Wednesday October 24, 2018

Researchers Develop AI That Can Help Make Cancer Treatment Less Toxic

The new "self-learning" machine-learning technique could make the dosing regimen less toxic but still effective

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Cancer Ribbon. Pixabay
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MIT researchers, including one of Indian-origin, have developed novel machine-learning techniques to improve the quality of life for patients by reducing toxic chemotherapy and radiotherapy dosing for an aggressive form of brain cancer.

Glioblastoma is a malignant tumour that appears in the brain or spinal cord, and the prognosis for adults is no more than five years.

Patients are generally administered maximum safe drug doses to shrink the tumour as much as possible, but they still remain at risk of debilitating side effects.

The new “self-learning” machine-learning technique could make the dosing regimen less toxic but still effective.

It looks at the treatment regimen currently in use, and finds an optimal treatment plan, with the lowest possible potency and frequency of doses that should still reduce tumour sizes to a degree comparable to that of traditional regimen, the researchers said.

“We kept the goal where we have to help patients by reducing tumour sizes but, at the same time, we want to make sure the quality of life — the dosing toxicity — doesn’t lead to overwhelming sickness and harmful side effects,” said Pratik Shah, principal investigator from the Massachusetts Institute of Technology (MIT) in Boston, US.

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Representational image. Pixabay

The findings will be presented at the 2018 Machine Learning for Healthcare conference at Stanford University in California, US.

In simulated trials of 50 patients, the model comprising of artificially intelligent “agents”, designed treatment cycles that reduced the potency to a quarter or half of nearly all the doses while maintaining the same tumour-shrinking potential.

Many times, it skipped doses altogether, scheduling administrations only twice a year instead of monthly.

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However, the researchers also had to make sure the model does not just dish out a maximum number and potency of doses. Whenever the model chooses to administer all full doses, it gets penalized, so instead it chooses fewer, smaller doses.

“If all we want to do is reduce the mean tumour diameter, and let it take whatever actions it wants, it will administer drugs irresponsibly,” Shah said.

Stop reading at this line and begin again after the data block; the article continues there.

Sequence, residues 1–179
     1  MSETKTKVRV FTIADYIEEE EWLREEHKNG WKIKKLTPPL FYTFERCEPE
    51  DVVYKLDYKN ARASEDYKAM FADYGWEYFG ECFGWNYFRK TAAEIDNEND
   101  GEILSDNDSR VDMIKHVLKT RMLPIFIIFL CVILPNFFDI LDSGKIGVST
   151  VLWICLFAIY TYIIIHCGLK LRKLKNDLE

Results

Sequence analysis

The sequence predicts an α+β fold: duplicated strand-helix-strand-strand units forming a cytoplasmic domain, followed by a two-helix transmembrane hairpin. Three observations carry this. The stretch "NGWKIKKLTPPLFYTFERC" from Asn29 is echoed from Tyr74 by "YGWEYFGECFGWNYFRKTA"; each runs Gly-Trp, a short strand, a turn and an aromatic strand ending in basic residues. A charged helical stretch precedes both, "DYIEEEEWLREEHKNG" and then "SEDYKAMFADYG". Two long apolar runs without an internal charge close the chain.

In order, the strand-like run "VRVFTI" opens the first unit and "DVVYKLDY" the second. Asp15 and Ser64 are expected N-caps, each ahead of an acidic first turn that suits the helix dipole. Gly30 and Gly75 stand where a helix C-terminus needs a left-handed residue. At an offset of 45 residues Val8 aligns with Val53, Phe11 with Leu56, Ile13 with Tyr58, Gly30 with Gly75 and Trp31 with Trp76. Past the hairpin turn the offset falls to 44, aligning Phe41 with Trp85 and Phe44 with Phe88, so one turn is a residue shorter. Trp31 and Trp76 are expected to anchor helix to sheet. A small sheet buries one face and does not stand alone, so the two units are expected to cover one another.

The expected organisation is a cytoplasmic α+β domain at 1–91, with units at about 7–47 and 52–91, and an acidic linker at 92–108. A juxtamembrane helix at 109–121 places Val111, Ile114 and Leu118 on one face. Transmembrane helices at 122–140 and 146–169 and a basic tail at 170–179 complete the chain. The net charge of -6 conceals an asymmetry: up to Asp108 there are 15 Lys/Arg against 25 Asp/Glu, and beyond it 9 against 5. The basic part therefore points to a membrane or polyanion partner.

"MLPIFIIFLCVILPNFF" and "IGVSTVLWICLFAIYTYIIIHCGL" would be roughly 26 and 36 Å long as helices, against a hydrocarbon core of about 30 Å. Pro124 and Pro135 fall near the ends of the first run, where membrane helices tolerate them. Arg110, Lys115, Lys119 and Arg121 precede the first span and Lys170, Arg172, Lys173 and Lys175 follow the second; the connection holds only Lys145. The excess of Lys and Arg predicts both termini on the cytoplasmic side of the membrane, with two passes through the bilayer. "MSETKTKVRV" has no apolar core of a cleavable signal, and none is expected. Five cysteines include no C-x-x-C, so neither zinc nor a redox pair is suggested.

“Instead, we need to reduce the harmful actions it takes to get to that outcome.” (IANS)

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Samsung to Develop AI-Enabled Multi-Device System

Samsung is now planning to expand its AI research centres to other technology and talent-rich areas

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Samsung planning to develop AI-powered multi-device system. Flickr

With Artificial Intelligence (AI) pushing the frontiers of communication technology, Samsung Electronics is planning to develop a multi-device platform — a variety of AI-enabled devices that communicate seamlessly with each other — to make experiences more personal and relevant.

The South Korean tech giant presented its future vision for AI while announcing this week a new AI centre in Montreal, Canada.

“By leveraging the power of AI in Samsung’s products and services, we must focus on creating new values, never seen nor experienced before,” said Seunghwan Cho, Executive Vice President of Samsung Research.

By providing multiple touchpoints where a user can interact with AI, Samsung said its multi-modal interaction platform (voice, vision, screen, touch) will make experiences more relevant and personal in the future.

“One key element that will move AI to being more widely adopted is multi-device systems — i.e., a variety of AI-enabled devices that communicate seamlessly with each other,” said Larry Heck, Head of AI Centres for Samsung Research America.

“Samsung is uniquely positioned to be a leader in this regard. It’s not just how each device uses AI, it’s how they use it together,” Heck said.

Samsung
The South Korean tech giant presented its future vision for AI while announcing this week a new AI centre in Montreal, Canada.

The newly opened AI centre in Montreal is Samsung’s seventh AI research facility to open this year making it the fourth in North America alone.

The global AI centres, which are also located in South Korea, Russia and Britain, support the company’s efforts in AI that include the development of Samsung’s virtual assistant, Bixby.

Gregory Dudek of the McGill University School of Computer Science and an expert in a wide range of AI technologies — from Machine Learning to human-robot interactions — will lead the Montreal AI Centre.

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“We are excited to open a new Samsung AI Centre in Montreal, which will conduct research in machine learning and robotics enabled multi-modal interactions,” Dudek said.

Samsung is now planning to expand its AI research centres to other technology and talent-rich areas.

Earlier this year, the company announced its plans to expand the number of advanced AI researchers to a total of about 1,000 globally by 2020. (IANS)